March 23, 2008. Posted by Joshua Jackson.
Last week, I had the pleasure of visiting Ornette Coleman at his midtown loft and studio, the latter of which he affectionately calls "The Doghouse." When I left, I had an earworm moment. I could not shake "Midnight Sunrise" from my head. On that recording, from Dancing in Your Head, Ornette plays his saxophone with the Master Musicians of Joujouka during a religious ceremony of Sufi trance music.
That's a pretty good indication of how my time with him sounded - sometimes mystic, sometimes swirling with idea and sound, always emphasizing humanity, freedom, and eternity. See, Ornette Coleman is not without his own musical language and his own sound grammar. The best way to understand what Ornette Coleman is saying is to listen to what he has to say. Because at 78, he still has a lot on his mind.
Jazz legend Ornette Coleman is the recipient of the 2007 Pulitzer Prize in Music and a Grammy Lifetime Achievement Award. He will be performing at Town Hall this Friday, March 28th.
© 2008 WBGO
March 21, 2008. Posted by .
On the latest edition of our new podcast "We Insist!: Jazz Speaks Out," the subject is pianist, composer, humanitarian and Brooklynite Randy Weston and his groundbreaking recording Uhuru Afrika. Host Angelika Beener talks with Weston about his music and his love of Africa. They also talk about the first meeting between Weston and Melba Liston, the great trombonist and arranger who became a a 40+ year collaborator.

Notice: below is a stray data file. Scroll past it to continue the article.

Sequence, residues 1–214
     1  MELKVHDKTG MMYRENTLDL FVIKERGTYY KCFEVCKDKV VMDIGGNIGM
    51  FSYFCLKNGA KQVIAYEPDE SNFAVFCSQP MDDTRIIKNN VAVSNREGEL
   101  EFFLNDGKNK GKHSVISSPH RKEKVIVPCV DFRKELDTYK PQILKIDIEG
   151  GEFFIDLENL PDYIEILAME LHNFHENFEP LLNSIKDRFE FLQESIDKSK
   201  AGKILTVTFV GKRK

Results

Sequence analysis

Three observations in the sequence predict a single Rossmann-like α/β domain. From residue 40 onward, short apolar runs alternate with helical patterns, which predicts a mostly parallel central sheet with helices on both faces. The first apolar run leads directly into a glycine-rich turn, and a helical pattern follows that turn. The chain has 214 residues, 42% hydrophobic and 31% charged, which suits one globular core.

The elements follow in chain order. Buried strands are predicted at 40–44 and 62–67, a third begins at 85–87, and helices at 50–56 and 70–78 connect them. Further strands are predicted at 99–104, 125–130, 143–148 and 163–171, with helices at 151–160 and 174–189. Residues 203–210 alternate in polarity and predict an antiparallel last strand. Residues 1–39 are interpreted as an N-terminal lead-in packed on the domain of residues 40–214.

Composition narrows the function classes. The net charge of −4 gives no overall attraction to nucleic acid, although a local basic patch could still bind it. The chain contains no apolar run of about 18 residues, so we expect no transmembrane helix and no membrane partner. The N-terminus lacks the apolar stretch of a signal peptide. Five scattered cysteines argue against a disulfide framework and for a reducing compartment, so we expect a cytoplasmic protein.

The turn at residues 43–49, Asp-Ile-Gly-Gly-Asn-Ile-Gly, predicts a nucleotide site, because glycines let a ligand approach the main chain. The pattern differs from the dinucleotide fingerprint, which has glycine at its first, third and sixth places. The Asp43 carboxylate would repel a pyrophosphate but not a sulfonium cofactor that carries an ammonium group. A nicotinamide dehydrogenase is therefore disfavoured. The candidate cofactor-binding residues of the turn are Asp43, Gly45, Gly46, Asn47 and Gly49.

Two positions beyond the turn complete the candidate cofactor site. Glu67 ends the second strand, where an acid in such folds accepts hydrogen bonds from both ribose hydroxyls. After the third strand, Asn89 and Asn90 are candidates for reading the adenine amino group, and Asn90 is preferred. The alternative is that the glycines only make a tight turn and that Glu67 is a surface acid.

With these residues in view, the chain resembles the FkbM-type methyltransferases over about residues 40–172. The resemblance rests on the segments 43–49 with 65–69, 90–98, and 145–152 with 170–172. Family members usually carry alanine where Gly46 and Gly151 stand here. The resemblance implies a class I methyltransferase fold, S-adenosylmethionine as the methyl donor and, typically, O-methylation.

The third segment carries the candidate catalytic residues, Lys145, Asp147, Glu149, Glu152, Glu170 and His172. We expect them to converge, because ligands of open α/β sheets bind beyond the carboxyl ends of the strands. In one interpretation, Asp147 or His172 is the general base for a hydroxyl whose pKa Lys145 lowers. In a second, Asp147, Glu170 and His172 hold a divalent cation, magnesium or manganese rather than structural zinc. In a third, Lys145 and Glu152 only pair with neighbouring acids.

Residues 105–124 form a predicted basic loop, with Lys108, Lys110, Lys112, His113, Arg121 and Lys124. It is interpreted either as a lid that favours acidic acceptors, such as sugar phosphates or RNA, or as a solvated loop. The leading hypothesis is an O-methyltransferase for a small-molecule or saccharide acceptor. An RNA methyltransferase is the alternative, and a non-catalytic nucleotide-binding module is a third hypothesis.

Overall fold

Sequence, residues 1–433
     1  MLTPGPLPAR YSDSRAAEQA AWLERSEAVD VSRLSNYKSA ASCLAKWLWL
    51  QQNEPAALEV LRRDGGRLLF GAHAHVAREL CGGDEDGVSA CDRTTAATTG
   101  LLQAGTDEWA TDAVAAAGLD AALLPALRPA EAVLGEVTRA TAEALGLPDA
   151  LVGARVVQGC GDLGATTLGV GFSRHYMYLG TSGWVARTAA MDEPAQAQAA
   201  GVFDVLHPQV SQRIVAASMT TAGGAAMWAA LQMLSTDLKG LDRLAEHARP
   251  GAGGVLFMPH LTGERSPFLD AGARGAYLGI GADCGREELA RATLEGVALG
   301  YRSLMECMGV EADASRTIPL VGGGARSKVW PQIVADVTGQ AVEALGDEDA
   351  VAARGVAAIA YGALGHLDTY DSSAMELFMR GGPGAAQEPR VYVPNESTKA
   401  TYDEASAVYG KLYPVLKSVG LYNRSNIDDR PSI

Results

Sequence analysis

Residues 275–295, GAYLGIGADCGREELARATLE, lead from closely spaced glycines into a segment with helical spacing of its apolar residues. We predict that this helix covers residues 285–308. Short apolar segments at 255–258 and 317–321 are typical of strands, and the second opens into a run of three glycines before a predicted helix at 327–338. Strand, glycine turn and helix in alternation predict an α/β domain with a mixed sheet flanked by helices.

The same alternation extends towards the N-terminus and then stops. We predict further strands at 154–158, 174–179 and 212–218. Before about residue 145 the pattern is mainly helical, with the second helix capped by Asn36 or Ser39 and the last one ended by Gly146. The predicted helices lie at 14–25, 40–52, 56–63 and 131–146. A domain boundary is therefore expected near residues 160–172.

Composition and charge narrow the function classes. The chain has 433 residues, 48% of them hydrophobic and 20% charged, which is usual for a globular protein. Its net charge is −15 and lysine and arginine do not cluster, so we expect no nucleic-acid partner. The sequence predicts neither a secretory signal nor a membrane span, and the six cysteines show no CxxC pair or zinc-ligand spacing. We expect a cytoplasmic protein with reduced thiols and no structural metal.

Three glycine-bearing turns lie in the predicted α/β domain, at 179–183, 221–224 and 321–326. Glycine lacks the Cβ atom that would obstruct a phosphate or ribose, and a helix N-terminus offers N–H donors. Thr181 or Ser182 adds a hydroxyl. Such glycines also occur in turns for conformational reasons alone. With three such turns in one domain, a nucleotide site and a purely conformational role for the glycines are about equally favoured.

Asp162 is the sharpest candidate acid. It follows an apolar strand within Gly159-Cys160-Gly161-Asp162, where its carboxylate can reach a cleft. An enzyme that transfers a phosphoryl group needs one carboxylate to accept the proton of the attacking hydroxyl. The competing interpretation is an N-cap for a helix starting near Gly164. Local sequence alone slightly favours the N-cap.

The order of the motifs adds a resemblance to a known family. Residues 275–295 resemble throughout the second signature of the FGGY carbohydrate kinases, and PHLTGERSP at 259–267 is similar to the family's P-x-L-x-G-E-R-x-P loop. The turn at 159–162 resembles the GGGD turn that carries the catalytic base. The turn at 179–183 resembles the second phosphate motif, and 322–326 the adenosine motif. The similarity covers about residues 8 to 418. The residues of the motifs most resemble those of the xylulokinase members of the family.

Randy says Melba was the key component to the success of many of his greatest recordings, including, most dramatically, "Uhuru Afrika." You can hear more about Ms. Liston, Babatunde Olatunji, Langston Hughes, Geoffrey Holder and others in this interesting program which you can listen to on-Demand. Hear a humble genius talk about his great friend and musical partner.
Randy Weston on Africa and Jazz
You can also listen to other conversations with Terence Blanchard, who talks about Miles Davis' "A Tribute to Jack Johnson" and Dr. Robin D.G. Kelly, who talks about jazz and the Civil Rights Movement.
Terence Blanchard on Miles and Jack Johnson
Dr. Robin Kelley on Jazz and Civil Rights
© 2008 WBGO
March 17, 2008. Posted by Joshua Jackson.
As the luck of the Irish would have it, Nathaniel Adams Cole , aka Nat King Cole, was born on this date. Most people know him more as the singer of "Nature Boy" than of "Danny Boy."
I think I love Nat Cole's piano playing as much as, if not more than, I love his smoky voice. Years ago, I spent college scholarship money on the 18-CD set on Mosaic Records, The Complete Capitol Recordings of the Nat King Cole Trio. 349 songs from 1942-1961. Now out of print...
I suppose that technically counted as an education expense, right?
Anyway, here's a video of Nat Cole playing "Tea for Two." Listen for the "Foggy Day" quote in his introduction, and to his "Rhapsody in Blue" reference in his solo. - Josh
© 2008 WBGO